The book is very clearly aimed at mothers, the language and tone through-out is gender-tailored towards mothers. She talks about husbands leaving the family home because they have had affairs, almost as if she expects husbands to have affairs, and she certainly expects husbands/fathers to leave the home forthwith as a matter of course. She talks of mothers having solicitors as if this is to be expected, ignoring the fact that more mothers now self-represent in court than fathers. Her encouragement of using a solicitor for sorting out almost everything bar unblocking the kitchen u-bend is worrying – her section on mediation is just a few lines long – and it is as if she is encouraging women to allow conflict to creep into these women’s situations even if there was little there before.
She isn’t anti-father as such, but she is most definitely pro-mother and old-fashioned in her approach and views. Most of the book is opinion and views – it is the handbook to the Leach School of Do As I Say. Back in 1994, there was an article in the Independent (link is at the end of this article) about how her bestselling book “Baby and Child” caused many parents to feel guilty that they were parenting wrongly according to the Leach “bible” - her new book 20 years on also holds the capability to induce great wracking pains of guilt in separating/separated parents. Guilt is something separated parents already have by the tankful, and certainly don’t need this added to by a woman who addresses parents like an old strict Edwardian school mistress. A few kind and gentle words would have gone a long, long way – and helped soothe the harshness of the antiquated views of Leach.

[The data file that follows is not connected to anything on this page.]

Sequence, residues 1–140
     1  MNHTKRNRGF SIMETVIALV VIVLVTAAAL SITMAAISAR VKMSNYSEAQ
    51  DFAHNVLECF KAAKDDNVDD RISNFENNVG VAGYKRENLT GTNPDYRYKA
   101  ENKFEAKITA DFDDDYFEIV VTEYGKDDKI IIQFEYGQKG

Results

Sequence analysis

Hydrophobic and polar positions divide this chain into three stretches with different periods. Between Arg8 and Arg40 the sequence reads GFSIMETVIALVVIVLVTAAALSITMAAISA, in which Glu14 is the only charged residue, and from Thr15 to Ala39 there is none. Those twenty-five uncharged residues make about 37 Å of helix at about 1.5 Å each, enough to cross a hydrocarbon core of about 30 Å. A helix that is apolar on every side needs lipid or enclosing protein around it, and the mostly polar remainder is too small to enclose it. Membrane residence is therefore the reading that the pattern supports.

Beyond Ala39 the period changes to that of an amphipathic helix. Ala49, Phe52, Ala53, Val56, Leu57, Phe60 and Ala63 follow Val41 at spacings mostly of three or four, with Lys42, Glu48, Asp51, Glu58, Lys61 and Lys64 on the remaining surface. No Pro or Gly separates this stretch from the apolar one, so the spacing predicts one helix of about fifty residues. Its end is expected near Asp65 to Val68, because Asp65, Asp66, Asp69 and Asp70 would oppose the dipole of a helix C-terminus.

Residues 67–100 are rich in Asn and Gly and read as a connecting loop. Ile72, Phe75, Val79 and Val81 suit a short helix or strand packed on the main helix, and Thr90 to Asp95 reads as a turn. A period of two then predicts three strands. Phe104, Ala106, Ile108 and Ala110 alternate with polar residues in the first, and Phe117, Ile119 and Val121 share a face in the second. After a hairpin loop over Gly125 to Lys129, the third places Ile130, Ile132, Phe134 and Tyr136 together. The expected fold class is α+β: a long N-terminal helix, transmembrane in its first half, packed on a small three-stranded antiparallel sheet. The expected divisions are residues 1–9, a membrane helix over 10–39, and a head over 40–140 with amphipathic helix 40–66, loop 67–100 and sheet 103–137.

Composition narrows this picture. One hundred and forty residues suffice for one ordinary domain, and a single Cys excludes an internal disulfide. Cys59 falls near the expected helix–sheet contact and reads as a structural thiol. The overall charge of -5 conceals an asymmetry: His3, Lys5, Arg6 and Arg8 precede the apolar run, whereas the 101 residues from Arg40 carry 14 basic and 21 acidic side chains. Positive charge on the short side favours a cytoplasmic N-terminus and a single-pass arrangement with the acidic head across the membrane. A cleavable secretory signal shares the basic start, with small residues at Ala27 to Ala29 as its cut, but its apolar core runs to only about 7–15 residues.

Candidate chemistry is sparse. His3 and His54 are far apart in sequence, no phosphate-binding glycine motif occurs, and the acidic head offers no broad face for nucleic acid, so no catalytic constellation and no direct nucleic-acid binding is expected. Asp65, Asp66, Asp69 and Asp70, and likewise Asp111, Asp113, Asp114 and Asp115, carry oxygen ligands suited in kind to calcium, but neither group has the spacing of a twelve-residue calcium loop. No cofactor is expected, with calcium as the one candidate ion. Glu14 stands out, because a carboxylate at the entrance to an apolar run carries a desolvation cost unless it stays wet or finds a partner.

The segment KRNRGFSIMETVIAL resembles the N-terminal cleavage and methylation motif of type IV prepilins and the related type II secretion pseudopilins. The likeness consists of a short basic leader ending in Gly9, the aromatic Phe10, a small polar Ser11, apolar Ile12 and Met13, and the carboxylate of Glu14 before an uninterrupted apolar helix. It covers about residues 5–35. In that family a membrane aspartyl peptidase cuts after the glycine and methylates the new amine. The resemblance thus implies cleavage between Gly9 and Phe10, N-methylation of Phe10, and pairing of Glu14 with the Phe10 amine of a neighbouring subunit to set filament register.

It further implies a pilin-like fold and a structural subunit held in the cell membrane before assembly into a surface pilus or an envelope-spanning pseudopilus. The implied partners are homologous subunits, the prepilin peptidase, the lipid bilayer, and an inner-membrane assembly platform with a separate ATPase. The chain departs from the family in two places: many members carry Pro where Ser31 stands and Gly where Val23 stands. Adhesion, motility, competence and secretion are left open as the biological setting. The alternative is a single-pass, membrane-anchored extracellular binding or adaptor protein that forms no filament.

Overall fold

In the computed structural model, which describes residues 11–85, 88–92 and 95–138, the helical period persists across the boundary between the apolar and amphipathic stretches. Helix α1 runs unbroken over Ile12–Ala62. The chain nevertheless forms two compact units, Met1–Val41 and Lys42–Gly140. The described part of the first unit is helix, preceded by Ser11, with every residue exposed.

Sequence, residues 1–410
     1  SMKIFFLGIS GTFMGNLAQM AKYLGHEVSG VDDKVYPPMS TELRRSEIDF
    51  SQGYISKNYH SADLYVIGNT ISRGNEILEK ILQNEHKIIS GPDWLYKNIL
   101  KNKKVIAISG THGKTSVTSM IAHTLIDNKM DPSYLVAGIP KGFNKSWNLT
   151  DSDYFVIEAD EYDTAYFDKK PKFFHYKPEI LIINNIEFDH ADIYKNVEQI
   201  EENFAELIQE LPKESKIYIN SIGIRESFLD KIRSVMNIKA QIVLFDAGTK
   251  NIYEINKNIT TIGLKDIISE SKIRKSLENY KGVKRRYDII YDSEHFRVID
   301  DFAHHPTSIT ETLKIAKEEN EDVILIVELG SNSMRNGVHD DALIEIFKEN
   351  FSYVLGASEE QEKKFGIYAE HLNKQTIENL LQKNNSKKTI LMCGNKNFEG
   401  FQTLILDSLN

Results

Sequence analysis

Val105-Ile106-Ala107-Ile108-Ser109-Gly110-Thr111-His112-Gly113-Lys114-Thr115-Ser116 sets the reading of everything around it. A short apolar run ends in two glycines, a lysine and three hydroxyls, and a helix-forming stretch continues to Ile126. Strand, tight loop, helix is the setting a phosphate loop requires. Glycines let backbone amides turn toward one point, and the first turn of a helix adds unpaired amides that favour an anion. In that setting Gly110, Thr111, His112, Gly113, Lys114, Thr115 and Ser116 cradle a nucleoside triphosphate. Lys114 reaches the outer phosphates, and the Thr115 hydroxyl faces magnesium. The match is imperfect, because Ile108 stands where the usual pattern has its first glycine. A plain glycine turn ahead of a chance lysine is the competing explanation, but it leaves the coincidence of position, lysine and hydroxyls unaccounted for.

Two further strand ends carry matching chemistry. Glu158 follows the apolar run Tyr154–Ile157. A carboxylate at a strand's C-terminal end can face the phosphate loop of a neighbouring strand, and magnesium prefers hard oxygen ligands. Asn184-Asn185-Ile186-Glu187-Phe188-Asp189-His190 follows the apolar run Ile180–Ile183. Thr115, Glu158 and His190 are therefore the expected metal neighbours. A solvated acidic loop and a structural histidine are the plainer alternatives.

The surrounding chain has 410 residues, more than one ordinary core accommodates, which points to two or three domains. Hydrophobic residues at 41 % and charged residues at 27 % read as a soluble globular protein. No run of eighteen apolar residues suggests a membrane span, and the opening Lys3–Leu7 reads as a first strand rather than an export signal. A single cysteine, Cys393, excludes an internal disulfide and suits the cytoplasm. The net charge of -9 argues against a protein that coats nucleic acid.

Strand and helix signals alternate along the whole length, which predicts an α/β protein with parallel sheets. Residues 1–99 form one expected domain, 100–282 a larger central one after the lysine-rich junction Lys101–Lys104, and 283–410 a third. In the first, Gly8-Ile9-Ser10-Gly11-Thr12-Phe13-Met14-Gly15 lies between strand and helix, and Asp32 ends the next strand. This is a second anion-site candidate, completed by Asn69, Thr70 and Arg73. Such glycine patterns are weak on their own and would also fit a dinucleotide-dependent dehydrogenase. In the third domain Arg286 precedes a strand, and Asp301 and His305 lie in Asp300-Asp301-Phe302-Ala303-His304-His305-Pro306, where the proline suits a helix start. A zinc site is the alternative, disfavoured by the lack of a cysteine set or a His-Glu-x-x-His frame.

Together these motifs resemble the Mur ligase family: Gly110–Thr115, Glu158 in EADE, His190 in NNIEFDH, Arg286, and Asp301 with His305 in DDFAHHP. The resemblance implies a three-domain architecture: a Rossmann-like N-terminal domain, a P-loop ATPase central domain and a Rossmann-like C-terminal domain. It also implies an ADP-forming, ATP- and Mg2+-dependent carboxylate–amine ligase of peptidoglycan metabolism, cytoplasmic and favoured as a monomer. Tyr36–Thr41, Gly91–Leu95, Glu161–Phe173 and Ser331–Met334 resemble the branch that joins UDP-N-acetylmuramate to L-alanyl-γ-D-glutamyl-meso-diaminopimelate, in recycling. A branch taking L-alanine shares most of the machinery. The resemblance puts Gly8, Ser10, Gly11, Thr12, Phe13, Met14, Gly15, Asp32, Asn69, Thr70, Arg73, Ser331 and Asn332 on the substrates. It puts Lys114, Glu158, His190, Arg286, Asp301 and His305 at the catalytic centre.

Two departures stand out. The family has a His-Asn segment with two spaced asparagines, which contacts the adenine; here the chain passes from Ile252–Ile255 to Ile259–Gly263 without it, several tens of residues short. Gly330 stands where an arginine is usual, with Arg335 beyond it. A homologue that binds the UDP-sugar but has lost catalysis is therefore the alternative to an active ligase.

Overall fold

It was very concerning to read so often through-out the book Leach’s encouragement of mothers to only permit fathers to spend time with the children in mother’s home (presumably, this also would have once been Dad’s home?) so that the children don’t have to endure mindless, endless day trips around cold and wind-swept public parks. Much has been made of her comments about children under the age of 4 not having “sleep-overs” at Dads. Firstly, it’s not a sleep-over, it’s time with Dad. She writes “regular and frequent nights away should be delayed until a child is three or four years old” (page 120) – this is written in the context of overnights with what she refers to as the non-resident parent. I will leave the research and academia to others (see the link to ExInjura’s blog post on this at the foot of this article), as the extensive research speaks for its self on this issue. Leach very clearly and unashamedly supports and promotes the primary carer concept, demoting Dad to the status of “other parent” and to the odd day visit to Mum’s home if Mum allows it.
I doubt this will be a best-seller, I can’t see professionals recommending this book to parents in their hour of need nor can I see Leach writing another book on this thorny issue. I have no doubt that the book was written with good intent, but one can’t nail jelly to a wall.
Ruth Langford, F.Inst.Pa